Lately I read a book that told the story of ordinary people doing radical things. They are not unlike you and I, with exception of their earnest belief that they are here to change the world in their ordinary capacity.
The fact that you and your neighboring commuter are traveling to work does not separate him or her from any other person commuting to work in the car or seat also next to you. What is different is beyond the ordinary–traveling to work–from the normal–that someone can tell all about you just by your commute. After all, if you’re reading this blog odds are you’re some crazy ass anime fanboy nut compared to the average person within a 50 meter radius of you. It’s not something you can easily discern usually. Yet,the cling to normalcy is a complex of an entire identity. A normal person is just that, normal. An ordinary person, however, doesn’t have to be.
Granted the distinction between ordinary and normal is nonsensical semantically, but it does serve to highlight the difference between something commonly seen versus the institution of conformity.
Ponder the following scenarios:
- In Suzumiya Haruhi no Uuutsu, a girl who is fascinated with modern fairy tales of aliens, time travelers and ESPers, actually finds them hidden in plain sight, conforming to not just normal behaviors but stereotypes of aliens, time travelers and ESPers. Craziness ensues when male lead enters into the picture as a stereotypical, jaded audience of these modern fairy tales.
- In ef – a tale of memories, the high school film club presses onward to produce a quality production, aiming to win a prize at a film competition. The main cameraman is seen as a person with some skill in the shots he take, perhaps impressionist, perhaps postmodern, but nonetheless draw fans and set the cameraman’s films apart from the common crop. However, rather than to be characterized through such distinctive streaks, the film club wanted to produce a popular hit with a film that conforms (realist?) to people’s sense of what is ordinary but yet captures the spark the star cameraman gives to his subjects. They are aiming for the grand prize, not one set for special but different films.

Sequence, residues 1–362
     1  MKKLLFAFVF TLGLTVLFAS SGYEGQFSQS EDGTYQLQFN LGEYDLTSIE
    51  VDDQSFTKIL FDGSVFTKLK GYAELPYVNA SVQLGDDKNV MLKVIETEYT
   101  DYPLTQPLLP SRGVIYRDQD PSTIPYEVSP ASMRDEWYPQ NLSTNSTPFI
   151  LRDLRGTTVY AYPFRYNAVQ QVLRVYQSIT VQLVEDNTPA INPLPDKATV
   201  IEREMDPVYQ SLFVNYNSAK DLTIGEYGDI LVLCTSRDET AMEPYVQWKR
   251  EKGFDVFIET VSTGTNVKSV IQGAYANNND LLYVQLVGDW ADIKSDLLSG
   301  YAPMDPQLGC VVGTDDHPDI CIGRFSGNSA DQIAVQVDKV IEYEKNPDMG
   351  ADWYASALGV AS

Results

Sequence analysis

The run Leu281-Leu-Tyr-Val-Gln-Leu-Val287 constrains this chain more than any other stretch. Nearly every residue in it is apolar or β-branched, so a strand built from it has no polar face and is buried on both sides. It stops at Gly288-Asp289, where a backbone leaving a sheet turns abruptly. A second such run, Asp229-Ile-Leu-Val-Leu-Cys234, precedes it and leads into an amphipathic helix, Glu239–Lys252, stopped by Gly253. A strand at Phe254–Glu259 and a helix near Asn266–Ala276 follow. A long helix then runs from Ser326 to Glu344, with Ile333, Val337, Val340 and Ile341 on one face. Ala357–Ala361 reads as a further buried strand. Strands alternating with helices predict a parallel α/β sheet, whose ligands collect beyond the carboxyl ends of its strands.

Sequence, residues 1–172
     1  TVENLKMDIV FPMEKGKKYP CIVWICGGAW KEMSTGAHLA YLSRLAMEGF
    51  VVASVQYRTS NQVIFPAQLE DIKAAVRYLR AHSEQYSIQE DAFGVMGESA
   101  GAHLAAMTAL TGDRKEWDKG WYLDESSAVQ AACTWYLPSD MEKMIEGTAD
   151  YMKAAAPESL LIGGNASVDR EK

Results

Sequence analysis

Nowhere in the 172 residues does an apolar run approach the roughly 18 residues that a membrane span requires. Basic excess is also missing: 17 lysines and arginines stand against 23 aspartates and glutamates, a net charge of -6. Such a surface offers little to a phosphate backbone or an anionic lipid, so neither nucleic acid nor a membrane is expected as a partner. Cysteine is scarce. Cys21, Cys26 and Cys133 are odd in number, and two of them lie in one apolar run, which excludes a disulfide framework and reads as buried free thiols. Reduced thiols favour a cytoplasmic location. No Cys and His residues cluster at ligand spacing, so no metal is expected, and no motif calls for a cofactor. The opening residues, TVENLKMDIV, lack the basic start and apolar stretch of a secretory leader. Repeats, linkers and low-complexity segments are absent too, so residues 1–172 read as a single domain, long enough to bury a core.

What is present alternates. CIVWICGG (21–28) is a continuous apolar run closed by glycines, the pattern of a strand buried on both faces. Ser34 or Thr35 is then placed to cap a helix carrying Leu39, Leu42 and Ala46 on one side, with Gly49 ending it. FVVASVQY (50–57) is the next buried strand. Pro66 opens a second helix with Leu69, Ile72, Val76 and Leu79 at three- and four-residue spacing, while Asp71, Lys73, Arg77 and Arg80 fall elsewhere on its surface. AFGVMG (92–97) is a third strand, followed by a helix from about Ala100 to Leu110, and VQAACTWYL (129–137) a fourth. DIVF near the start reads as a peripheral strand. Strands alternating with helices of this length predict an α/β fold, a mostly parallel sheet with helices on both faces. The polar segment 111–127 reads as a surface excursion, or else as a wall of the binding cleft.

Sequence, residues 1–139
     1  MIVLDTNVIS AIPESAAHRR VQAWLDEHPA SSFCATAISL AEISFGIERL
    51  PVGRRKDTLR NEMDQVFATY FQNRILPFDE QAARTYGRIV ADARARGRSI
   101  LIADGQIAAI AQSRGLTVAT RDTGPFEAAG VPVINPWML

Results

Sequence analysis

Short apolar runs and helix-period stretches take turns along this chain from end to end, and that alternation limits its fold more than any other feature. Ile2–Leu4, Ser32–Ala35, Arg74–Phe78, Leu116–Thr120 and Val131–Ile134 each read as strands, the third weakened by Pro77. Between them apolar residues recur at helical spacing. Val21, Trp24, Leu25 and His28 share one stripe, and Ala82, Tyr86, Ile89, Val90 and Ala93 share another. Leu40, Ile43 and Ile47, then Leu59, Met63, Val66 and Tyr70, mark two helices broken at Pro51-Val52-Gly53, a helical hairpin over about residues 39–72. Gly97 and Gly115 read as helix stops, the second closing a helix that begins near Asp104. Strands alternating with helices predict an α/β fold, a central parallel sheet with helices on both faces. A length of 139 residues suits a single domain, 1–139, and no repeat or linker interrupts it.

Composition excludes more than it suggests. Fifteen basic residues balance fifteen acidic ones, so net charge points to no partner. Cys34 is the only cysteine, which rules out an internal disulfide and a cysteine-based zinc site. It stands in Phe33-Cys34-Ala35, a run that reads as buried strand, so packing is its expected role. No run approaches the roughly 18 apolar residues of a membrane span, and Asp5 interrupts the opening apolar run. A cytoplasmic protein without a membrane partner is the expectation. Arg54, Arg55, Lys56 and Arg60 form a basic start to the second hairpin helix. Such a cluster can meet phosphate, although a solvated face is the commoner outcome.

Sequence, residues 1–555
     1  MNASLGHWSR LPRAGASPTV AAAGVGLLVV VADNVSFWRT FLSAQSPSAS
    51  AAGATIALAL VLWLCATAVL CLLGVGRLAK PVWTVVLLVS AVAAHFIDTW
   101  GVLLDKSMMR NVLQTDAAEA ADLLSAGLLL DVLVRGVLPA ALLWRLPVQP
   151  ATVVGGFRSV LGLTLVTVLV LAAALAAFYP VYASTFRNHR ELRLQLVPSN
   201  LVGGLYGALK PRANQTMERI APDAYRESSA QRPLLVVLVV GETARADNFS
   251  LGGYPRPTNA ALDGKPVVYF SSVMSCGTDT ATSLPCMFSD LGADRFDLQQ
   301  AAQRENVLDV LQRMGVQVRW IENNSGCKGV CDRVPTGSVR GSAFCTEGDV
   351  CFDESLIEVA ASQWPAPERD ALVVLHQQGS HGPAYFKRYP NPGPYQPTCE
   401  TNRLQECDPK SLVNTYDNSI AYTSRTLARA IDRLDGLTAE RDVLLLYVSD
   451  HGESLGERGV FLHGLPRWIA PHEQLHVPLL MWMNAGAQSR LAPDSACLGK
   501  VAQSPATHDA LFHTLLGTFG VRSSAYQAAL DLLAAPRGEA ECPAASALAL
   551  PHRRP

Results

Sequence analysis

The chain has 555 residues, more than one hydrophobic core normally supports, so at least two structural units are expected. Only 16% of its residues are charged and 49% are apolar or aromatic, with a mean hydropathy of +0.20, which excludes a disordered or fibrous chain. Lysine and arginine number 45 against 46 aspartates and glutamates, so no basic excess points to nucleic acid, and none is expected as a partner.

- In Honey & Clover, an art prodigy escapes into secondary education to blossom under the care of her uncle in a university. She befriends a group of ordinary youth in a similar place in life looking for direction, for love, and for themselves.
- In Kimikiss Pure Rouge, a 16 year old boy finds romance along with his wingman, a 17 year old girl, with another boy. Oh, the boy’s good male friend also finds his sister’s new friend somewhat cute? There be karaoke and giggles.
- In Kamichu, an ordinary middle schooler is a Shinto deity in the flesh.
It’s ordinary, yet somewhat extraordinary. It feels attainable, its lure just within our grasp. For me it’s irresistible (at least when it’s done right).
There’s a thin line between what’s ordinarily extraordinary and what is just normal. I’m not sure where the line is, but you can tell when it stops being ordinary either by being just plain out there, or being just … a normal anime.
Capturing the tension that exists in the abnormal ordinary is a key element of a compelling storytelling style. Perhaps the biggest problem for the ef anime right now is that it is too odd to be ordinary, even if it is rooted so.